MARVEL AT WILD WONDERS IN THE TASMANIAN WILDERNESS
Tasmania is a sanctuary for endemic species including Tasmanian devils and the world's only egg-laying mammals, echidnas and platypuses. On Premier Travel Tasmania's exploration five-day Wilderness and Wildlife safari guests scour rainforest, coastlines and wetlands for these creatures as well as pademelons, quolls, little penguins and Australian fur seals. See premiertraveltasmania.com
BE BEDAZZLED BY BIRDLIFE ON A DESERT SAFARI
The parched bedrock of the Willandra Lakes Region in far-western NSW seems an unlikely habitat for jewel-coloured parrots and pink cockatoos, but you can expect to encounter these bright specimens along with wedge-tailed eagles, falcons, kestrels and emus, bearded dragons and shingleback lizards on Echidna Walkabout's privately-guided Mungo Outback Safari. See echidnawalkabout.com.au
GLIDE THROUGH THE WILDS OF THE MIGHTY MURRAY
Australia's unsung species provide a reel of entertainment on a Murray River Trails canoe safari: frogs, pelicans, migratory waders. You'll find an abundance of endemic birds here – crimson rosellas, rare regent parrots and Australian ringneck parrots; onshore look out for emus, koalas, echidnas, possums and red and grey kangaroos. See murrayrivertrails.com.au
SEE SHADES OF AFRICA IN PREHISTORIC AUSTRALIA
The safari bungalows at Mount Borradaile in West Arnhem Land are reminiscent of an African lodge, but the region's subtropical savannah, paperbark swamps, monsoonal rainforests and billabongs are uniquely Australian. Expect to see crocodiles, buffaloes, marsupials and a superfluity of birdlife during a visit with Davidson's Arnhemland Safaris or Lords Safaris. See arnhemland-safaris.com; lords-safaris.com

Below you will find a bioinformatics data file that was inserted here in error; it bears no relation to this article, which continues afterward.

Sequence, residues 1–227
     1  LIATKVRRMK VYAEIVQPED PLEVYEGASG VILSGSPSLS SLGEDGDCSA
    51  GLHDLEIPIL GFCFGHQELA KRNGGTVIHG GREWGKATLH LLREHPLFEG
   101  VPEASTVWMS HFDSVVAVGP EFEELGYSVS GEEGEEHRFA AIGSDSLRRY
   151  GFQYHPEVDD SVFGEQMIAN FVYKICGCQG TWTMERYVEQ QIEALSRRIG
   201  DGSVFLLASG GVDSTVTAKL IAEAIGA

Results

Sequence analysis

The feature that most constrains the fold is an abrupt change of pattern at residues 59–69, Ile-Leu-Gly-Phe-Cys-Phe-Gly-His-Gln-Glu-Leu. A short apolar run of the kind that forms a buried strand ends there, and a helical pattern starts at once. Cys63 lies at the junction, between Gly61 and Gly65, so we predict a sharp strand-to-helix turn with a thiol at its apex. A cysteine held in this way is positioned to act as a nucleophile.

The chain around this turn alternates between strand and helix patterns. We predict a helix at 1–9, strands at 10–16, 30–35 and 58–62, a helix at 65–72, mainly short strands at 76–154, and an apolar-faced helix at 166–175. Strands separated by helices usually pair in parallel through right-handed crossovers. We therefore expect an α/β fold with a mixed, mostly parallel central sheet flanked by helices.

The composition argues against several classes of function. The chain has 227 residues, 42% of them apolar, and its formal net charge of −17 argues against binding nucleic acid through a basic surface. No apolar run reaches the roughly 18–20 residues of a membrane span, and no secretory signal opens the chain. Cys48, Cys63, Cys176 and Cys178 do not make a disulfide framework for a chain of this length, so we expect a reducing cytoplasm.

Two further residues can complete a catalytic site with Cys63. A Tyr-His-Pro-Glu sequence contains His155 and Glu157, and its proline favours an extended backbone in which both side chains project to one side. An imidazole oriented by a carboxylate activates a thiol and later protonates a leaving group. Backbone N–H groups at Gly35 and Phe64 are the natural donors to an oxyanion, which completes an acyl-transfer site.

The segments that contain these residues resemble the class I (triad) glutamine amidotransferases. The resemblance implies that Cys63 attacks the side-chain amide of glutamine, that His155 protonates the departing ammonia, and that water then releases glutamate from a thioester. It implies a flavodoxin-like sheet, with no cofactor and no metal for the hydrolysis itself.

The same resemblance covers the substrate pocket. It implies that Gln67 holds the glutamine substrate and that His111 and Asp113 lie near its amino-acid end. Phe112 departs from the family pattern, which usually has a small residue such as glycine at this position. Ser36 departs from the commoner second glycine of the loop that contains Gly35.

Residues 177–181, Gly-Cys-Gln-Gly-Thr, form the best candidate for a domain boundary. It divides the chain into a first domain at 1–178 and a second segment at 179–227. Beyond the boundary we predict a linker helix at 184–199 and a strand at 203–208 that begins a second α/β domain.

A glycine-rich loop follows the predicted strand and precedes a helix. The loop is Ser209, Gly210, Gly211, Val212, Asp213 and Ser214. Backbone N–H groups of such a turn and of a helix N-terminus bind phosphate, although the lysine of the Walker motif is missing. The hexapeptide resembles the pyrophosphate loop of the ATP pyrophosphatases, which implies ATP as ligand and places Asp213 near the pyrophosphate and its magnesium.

Arkaba's three-night Wild Bush Luxury experience starts from $2140 a person inclusive of two nights at Arkaba Homestead, one night at an outdoor camp, all meals and beverages, daily guided safaris, immersive bush walks and drives showcasing Arkaba's wildlife and conservation practices. Homestead-based stays are $1125 a person per night for a minimum two-night stay, including guided activities on the property, meals and beverages. See arkabaconservancy.com
The Australian Wildlife Conservancy offers a multitude of day visit and camping experiences at sanctuaries in Western Australia, South Australia, the Northern Territory, Queensland and NSW. See australianwildlife.org. Australian Wildlife Journeys is a repository of wildlife tourism operators. See australianwildlifejourneys.com
Qantas operates regular flights to Adelaide from Sydney and Melbourne. Transfers from Adelaide to Arkaba Homestead start from $1600 by road for up to four guests, and from $2850 by air for up to four guests. See qantas.com.au.
Catherine Marshall was a guest of Luxury Lodges of Australia. See luxurylodgesofaustralia.com.au